The danger of escalation could occur "if Russia feels that NATO pressure is becoming so intense that its defeat is possible; or if the ability to hold on to achieved gains becomes more difficult." That is what makes comments like those made by British Foreign Secretary Liz Truss so potentially dangerous. Truss said on April 28 that Russian forces must be pushed out of “the whole of Ukraine.” As the BBC pointed out, that means not just pushing back the Russian invasion – the originally stated purpose of supporting Ukraine – but perhaps even pushing Russia out of Crimea. That is an attack on Russia and what Putin would consider the destruction of the Russian state. The same day, Putin warned that “If someone intends to intervene in the ongoing events from the outside, and create strategic threats for Russia that are unacceptable to us, they should know that our retaliatory strikes will be lightning-fast.” He added that “We have all the tools for this. . . . we will use them if necessary. And I want everyone to know that.”
Despite Western rhetoric about Putin, Sakwa says he is "being pushed to be more radical" but that "so far, Putin is holding the line." This is not the first time Putin has held the line against forces in Russia demanding more action. There are those in Moscow who are still angry with Putin for not going further in 2014 when he annexed only Crimea in response to the aspirations of the majority of its citizens. Alexander Lukin, Professor International Relations at HSE University in Moscow, has pointed out that Putin has seen Russian nationalists, who "believe in creating the "Russian world" by annexing the territories of the neighboring countries populated by ethnic Russians," as a threat. Because they risk confrontation with the outside world, Putin saw them as a threat to domestic stability. He moved on Crimea in 2014 and on Donbas in 2022 only when Russia felt forced to respond to NATO’s eastward expansion and "the strategic threat posed by the Western attempts to bring Ukraine into its sphere of influence."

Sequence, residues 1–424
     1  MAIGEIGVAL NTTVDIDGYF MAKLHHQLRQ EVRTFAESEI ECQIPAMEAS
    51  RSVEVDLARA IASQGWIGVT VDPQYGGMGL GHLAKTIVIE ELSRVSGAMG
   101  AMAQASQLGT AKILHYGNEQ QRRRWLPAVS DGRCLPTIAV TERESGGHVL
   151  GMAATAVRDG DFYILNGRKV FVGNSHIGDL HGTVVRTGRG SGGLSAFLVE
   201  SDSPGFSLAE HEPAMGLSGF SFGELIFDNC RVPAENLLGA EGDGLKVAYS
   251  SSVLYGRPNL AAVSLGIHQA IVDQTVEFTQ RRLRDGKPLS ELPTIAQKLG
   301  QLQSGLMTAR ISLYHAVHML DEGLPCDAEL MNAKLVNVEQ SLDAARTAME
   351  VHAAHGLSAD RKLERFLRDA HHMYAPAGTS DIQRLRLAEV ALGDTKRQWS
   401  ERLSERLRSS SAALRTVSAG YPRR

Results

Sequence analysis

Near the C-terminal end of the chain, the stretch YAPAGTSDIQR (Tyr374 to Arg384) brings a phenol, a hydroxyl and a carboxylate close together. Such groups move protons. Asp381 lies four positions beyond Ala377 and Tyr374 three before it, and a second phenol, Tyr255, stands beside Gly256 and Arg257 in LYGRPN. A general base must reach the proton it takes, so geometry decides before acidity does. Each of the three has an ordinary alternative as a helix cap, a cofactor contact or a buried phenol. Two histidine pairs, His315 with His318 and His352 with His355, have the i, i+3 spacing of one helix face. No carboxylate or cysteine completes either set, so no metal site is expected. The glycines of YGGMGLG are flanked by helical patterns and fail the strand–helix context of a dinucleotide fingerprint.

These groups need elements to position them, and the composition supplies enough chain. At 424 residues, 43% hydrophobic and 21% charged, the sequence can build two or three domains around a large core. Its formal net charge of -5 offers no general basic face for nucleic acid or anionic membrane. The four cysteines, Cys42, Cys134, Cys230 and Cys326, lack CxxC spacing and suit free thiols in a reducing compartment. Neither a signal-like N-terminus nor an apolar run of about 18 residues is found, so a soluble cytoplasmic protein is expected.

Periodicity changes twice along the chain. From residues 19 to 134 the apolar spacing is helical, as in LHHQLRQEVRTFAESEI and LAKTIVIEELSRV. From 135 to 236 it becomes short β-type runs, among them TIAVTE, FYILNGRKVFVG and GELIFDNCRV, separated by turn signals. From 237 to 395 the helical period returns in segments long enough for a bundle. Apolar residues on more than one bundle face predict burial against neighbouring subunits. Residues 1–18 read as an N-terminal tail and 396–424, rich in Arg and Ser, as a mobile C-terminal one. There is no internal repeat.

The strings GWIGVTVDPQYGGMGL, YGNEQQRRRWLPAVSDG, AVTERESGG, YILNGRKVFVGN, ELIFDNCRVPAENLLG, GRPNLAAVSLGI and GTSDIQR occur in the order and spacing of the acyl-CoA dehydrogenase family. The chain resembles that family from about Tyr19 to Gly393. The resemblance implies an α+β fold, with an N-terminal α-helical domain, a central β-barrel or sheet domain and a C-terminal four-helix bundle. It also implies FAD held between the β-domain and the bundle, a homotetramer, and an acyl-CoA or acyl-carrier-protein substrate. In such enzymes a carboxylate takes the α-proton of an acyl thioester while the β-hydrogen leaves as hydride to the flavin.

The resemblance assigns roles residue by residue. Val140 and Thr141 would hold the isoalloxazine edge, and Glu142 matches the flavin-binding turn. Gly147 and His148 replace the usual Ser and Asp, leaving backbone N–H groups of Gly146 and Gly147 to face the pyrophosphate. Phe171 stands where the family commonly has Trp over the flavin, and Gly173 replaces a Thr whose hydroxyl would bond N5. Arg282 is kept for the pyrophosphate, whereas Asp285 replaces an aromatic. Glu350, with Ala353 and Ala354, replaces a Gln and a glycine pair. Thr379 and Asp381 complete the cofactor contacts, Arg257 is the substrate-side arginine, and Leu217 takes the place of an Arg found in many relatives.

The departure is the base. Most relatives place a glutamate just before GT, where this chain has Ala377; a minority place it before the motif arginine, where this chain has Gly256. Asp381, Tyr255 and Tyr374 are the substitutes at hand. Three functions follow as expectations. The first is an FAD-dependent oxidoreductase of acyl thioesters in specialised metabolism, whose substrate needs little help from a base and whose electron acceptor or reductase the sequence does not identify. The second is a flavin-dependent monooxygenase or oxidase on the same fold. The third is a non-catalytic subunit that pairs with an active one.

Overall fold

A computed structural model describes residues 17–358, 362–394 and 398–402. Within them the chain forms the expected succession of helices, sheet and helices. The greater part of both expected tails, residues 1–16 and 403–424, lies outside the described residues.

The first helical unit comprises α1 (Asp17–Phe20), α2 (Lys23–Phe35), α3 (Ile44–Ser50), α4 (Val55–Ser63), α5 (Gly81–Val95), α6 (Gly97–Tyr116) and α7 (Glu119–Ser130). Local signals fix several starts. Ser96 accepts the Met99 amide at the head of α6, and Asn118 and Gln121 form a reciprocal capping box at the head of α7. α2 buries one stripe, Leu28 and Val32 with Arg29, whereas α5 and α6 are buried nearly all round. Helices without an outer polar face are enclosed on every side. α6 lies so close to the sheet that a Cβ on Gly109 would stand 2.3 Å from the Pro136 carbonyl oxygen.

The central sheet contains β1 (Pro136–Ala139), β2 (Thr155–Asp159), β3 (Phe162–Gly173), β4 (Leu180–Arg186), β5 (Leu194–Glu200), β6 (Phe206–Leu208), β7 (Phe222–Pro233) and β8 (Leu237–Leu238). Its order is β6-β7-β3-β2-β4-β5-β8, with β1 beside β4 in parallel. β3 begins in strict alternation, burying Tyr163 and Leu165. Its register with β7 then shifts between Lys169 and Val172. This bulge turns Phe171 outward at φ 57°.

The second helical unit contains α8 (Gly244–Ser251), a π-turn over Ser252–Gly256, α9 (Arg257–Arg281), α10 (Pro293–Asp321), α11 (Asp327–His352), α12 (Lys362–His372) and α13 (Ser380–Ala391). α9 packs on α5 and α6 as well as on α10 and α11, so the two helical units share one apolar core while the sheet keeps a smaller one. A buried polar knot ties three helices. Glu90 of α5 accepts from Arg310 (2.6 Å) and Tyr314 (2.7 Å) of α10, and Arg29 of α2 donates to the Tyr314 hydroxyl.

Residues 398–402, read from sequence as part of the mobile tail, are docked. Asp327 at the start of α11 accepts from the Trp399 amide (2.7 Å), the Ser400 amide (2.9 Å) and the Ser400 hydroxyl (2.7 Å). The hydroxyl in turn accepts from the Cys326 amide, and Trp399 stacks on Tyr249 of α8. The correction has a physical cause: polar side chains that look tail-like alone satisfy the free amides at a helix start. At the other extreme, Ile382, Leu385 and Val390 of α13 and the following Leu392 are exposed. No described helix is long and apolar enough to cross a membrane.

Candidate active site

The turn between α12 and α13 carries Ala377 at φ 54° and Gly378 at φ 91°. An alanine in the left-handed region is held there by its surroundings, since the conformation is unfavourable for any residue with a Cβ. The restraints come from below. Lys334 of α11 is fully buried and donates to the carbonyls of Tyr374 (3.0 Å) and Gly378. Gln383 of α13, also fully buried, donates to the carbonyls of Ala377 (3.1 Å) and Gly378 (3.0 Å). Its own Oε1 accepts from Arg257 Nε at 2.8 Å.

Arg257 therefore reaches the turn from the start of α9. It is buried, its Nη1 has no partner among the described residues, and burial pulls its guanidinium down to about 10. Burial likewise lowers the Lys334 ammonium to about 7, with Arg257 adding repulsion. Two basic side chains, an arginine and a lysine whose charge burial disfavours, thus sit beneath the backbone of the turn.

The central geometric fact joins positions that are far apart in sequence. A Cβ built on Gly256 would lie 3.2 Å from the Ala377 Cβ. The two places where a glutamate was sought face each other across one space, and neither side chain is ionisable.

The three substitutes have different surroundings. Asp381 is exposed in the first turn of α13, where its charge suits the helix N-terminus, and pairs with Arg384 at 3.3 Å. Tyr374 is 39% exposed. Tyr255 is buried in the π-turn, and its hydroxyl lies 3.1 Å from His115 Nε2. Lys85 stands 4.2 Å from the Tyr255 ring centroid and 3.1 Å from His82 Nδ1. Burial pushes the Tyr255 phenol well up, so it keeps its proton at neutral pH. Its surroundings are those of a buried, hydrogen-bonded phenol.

There is a second important question about red lines, and that is, What is China’s red line? With the extent of US and NATO help for Ukraine, is there a red line for China to start helping Russia?
The very close relationship between Russia and China has always still allowed each to pursue its own national interests. Sakwa speculates that that will remain true and that "China will probably remain restrained in its response, however many red lines are crossed by NATO powers." Acting in its national interest, at the moment, for China "includes passive support and diplomatic reinforcement of Moscow positions." He says, speculatively, that there could be some "judicious material support" and some "deniable covert support." He says, though, that there are "domestic voices warning against too active support for Russia." China’s response may also include "elements of rapprochement" with India, who is a major country in the multipolar world movement, including membership in BRICS and the Shanghai Cooperation Organization, and who has refused to line up with the US against Russia.
Perhaps the most dangerous question as the US and its NATO partners escalate their involvement in the war in Ukraine is, At what point will Russia stop seeing the US as assisting Ukraine in the war against Russia and start seeing it as having crossed the red line of fighting its own war with Russia? Knowing that the US escalation is, in part, intended to goad Russia into expanding the war and not wanting a full out fight with NATO, Russia will, hopefully, continue to be cautious and restrained. And the US will, hopefully, be cautious and restrained in goading Russia and crossing that line.
Ted Snider has a graduate degree in philosophy and writes on analyzing patterns in US foreign policy and history.